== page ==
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Lawrence author’s debut novel challenges our views of victimhood

Lawrence author Bryn Greenwood has released her first novel, “All the Ugly and Wonderful Things.”
Lawrence author Bryn Greenwood has released her first novel, “All the Ugly and Wonderful Things.”

Bryn Greenwood knows how to write characters with rap sheets as comprehensive as a college transcript.

The Lawrence writer’s debut novel, “All the Ugly and Wonderful Things,” is packed with the perspectives of once and future criminals: meth cookers, pill poppers, wife beaters, murderers. It’s the kind of cast (and crimes) that could come off like an after-school special.

But in Greenwood’s care, the usual tropes of hard people and hard living give way to something rarer: a novel of arrested girlhood that neither victimizes nor sanctifies the girl.

Much of the book is told from the perspective of Wavonna “Wavy” Cunningham, whom we first meet as a 6-year-old feather of a child. Wavy refuses to eat or speak in front of others, having internalized her meth-addled mother’s violent admonitions. Instead, she steals what she needs or sifts through trash for it, clinging to a weary mantra of self-preservation: “nothing belongs to you.”

Her dogged self-reliance starts to wither when she meets Jesse Joe Kellen, a grease monkey ex-con who works with her drug-dealer father. For the first time in her life, Wavy is able to carve out some semblance of stability: Kellen buys groceries for her, protects her, drives her to school on his motorcycle and stands in for her father at parent-teacher conferences.

It’s your classic odd couple story — until they fall in love.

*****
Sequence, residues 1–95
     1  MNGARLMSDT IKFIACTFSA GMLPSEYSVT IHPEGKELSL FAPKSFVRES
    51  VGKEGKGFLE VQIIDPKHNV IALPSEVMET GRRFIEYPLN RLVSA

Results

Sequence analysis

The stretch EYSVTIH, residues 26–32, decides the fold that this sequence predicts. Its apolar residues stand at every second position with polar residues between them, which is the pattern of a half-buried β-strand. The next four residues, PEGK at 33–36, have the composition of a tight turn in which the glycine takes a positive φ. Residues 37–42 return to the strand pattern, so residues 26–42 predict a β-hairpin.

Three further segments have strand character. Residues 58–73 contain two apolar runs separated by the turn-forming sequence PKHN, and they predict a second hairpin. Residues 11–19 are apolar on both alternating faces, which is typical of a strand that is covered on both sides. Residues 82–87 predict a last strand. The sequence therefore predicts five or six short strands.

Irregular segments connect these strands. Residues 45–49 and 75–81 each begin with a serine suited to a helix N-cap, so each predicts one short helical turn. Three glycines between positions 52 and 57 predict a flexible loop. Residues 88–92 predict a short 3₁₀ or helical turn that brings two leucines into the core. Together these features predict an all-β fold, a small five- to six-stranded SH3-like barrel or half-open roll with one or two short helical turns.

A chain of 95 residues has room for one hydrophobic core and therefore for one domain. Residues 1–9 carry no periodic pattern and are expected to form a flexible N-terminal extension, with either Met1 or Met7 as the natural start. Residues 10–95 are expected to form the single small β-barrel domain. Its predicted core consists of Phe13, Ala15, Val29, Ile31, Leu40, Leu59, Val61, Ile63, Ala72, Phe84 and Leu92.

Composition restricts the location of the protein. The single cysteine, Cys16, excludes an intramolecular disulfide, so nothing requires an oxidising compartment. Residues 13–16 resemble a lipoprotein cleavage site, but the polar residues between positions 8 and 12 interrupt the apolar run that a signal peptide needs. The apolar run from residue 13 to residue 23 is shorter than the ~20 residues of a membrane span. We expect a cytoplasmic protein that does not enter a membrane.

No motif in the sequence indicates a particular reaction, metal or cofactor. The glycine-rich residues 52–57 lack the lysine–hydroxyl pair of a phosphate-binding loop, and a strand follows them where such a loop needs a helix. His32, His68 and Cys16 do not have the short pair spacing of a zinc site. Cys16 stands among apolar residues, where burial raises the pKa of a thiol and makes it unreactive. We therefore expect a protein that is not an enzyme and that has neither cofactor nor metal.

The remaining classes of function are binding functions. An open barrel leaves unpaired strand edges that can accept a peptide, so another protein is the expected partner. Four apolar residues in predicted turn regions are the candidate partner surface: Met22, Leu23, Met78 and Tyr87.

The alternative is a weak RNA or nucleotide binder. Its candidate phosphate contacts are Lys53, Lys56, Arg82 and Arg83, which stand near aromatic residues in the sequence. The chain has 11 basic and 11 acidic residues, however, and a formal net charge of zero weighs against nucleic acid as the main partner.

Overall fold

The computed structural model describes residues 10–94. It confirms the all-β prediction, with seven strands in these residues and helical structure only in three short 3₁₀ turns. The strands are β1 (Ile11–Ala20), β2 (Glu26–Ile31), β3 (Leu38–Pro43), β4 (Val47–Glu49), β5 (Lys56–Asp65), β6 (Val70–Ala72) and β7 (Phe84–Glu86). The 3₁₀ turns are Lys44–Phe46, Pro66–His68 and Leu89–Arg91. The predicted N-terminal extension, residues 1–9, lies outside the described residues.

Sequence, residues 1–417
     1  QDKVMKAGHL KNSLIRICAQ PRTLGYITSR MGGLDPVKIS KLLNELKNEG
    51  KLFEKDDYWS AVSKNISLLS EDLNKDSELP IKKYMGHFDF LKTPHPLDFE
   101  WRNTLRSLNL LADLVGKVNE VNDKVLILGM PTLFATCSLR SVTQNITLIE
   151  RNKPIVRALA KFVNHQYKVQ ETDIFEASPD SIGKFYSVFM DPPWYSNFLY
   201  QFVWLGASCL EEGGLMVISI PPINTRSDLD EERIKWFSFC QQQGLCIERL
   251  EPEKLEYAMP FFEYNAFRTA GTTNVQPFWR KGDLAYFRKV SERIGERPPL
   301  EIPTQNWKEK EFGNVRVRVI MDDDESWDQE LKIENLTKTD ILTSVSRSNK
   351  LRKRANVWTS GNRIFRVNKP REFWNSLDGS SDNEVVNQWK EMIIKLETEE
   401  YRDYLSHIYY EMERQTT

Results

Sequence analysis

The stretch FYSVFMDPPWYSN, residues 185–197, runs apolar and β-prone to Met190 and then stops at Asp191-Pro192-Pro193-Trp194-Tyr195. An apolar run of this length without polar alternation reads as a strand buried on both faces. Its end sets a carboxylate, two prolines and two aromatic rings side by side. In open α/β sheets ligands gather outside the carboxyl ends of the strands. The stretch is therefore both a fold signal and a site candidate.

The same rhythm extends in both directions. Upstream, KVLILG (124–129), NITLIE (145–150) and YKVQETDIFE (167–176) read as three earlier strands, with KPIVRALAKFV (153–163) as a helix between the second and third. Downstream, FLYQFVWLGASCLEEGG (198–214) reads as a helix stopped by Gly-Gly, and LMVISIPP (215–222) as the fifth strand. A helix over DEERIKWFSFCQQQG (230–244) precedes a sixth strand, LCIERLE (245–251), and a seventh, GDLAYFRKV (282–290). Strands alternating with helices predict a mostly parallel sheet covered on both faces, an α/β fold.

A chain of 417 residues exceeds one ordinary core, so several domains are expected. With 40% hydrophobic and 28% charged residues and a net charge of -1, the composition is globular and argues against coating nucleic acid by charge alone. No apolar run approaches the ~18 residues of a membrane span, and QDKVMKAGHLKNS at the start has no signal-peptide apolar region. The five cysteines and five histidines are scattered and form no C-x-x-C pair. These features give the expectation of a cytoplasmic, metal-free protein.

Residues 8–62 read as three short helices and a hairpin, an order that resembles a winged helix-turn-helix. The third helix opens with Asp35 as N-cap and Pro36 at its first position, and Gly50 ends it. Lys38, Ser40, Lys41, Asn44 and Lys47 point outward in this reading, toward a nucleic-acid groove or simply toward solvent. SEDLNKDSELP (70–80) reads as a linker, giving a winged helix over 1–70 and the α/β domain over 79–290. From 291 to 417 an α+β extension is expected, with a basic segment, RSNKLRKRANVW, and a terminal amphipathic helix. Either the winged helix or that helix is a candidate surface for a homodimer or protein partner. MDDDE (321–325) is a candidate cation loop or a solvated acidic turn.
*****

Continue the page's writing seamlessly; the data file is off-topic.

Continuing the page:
Greenwood lets their relationship bloom over several years in alternately heart-wrenching and stomach-turning passages. Her sentences are deceptively simple, ringing with the same clarity and peculiar innocence that Wavy embodies.

“It soothed me,” Wavy writes of an evening ride with Kellen. “And I didn’t want to be soothed.”

That innocence is barbed, only amplifying our discomfort when Kellen (at 26) buys Wavy (at 13) an engagement ring. Although their romance stops shy of statutory rape, Greenwood is unlikely to keep every reader along for the ride. But the pair's connection — and Wavy's insistence on deepening it — is sincere enough to temper nausea with confusion.

This is no easy feat.

Less satisfying is the novel’s structure, which jumps back and forth among years, narrators and points of view with unclear and inconsistent patterns. On rare occasions, a chapter will switch narrators halfway through. One-off chapters from ancillary characters add to the narrative confusion.

The cumulative effect of these fragments is an unsteady hold on timelines and Wavy’s and Kellen’s ages within them — perhaps a cardinal sin for a book where the age of its characters couldn’t matter more.

Still, the disparate voices are distinctly drawn and compelling enough to keep the novel on the rails. And Wavy’s voice, which grows more confident each year, anchors the book and our expectations.

In one especially disquieting chapter, Greenwood convincingly connects the polite suburban mother of Wavy’s college roommate with Wavy’s own abusive addict mother.

The two were just as dangerous, she writes. The scales might have been different, but the damage to their daughters was the same.

In its own uneasy way, “All the Ugly and Wonderful Things” provides an antidote to the rubbernecking trauma fiction that fills shelves each year. Throughout the book, Greenwood challenges the ways we glorify tragedy by patronizing those who experience it and insisting on their victimhood before their personhood.

The result is a challenging, brain-addling novel, one that shocks us less with its content than its intimacy.

“All the Ugly and Wonderful Things” by Bryn Greenwood (352 pages; St. Martin’s Press; $25.99)

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